Natural gas versus diesel: Examining the climate impacts of natural gas trucks
Some major trucking companies are turning to natural gas to fuel their fleets—and to earn "green" credit among customers. But celebrating lower emissions could be premature, according to an analysis in the ACS journal Environmental Science & Technology. Researchers have found that converting heavy-duty trucks to run on natural gas could lead to negative climate impacts if steps are not taken to improve engine efficiency and reduce methane emissions from the fuel's supply chain.
Burning natural gas emits less carbon dioxide (CO2) into the atmosphere than other fossil fuels, but the process of getting natural gas out of the ground and delivering it through pipelines releases methane, a much more potent greenhouse gas than CO2. So, Jonathan Camuzeaux and colleagues wanted to investigate the climate impacts of switching to natural gas in different types of heavy-duty trucks.
The researchers examined a range of assumptions for methane leakage and several different kinds of commercial, natural-gas truck engines. They calculated that switching heavy-duty truck fleets from diesel to natural gas could lead to worse climate impacts over the next 50 to 90 years than remaining with diesel due to methane's high potency as a greenhouse gas in the near term. But, they added, reducing methane losses from the supply chain and improving natural gas engine efficiency could make switching fuels climate-friendly.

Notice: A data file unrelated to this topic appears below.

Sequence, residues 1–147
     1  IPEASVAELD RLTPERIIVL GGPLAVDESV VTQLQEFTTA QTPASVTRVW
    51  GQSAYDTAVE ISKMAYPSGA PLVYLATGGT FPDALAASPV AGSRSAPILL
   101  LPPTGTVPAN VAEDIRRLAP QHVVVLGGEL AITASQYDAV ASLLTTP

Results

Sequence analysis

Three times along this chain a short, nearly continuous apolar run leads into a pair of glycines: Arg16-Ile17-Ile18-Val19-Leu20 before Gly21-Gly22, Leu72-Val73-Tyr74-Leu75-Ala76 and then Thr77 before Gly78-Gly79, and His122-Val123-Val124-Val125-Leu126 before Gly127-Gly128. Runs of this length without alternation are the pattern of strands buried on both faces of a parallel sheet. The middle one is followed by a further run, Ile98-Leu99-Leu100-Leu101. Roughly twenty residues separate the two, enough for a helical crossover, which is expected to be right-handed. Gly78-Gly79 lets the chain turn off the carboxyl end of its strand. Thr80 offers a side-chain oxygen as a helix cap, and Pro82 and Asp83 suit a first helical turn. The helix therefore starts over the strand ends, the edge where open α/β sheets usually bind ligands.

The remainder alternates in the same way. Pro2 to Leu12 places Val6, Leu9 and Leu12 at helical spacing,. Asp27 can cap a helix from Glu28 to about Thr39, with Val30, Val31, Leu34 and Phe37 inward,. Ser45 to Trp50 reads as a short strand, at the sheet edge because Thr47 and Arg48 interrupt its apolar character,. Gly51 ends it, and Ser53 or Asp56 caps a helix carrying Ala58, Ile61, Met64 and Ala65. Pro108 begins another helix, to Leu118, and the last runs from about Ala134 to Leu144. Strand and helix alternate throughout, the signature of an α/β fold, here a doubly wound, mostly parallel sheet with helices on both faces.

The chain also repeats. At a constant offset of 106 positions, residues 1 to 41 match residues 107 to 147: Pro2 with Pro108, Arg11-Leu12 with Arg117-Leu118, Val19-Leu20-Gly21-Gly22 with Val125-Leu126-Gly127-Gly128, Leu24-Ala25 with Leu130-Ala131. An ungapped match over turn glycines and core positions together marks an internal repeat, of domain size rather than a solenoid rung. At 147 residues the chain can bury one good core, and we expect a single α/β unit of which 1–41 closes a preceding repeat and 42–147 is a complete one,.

While natural gas produces lower carbon dioxide emissions than diesel during combustion, if enough methane is emitted across the fuel cycle, then switching a heavy-duty truck fleet from diesel to natural gas can produce net climate damages (more radiative forcing) for decades. Using the Technology Warming Potential methodology, we assess the climate implications of a diesel to natural gas switch in heavy-duty trucks. We consider spark ignition (SI) and high-pressure direct injection (HPDI) natural gas engines and compressed and liquefied natural gas. Given uncertainty surrounding several key assumptions and the potential for technology to evolve, results are evaluated for a range of inputs for well-to-pump natural gas loss rates, vehicle efficiency, and pump-to-wheels (in-use) methane emissions. Using reference case assumptions reflecting currently available data, we find that converting heavy-duty truck fleets leads to damages to the climate for several decades: around 70–90 years for the SI cases, and 50 years for the more efficient HPDI. Our range of results indicates that these fuel switches have the potential to produce climate benefits on all time frames, but combinations of significant well-to-wheels methane emissions reductions and natural gas vehicle efficiency improvements would be required.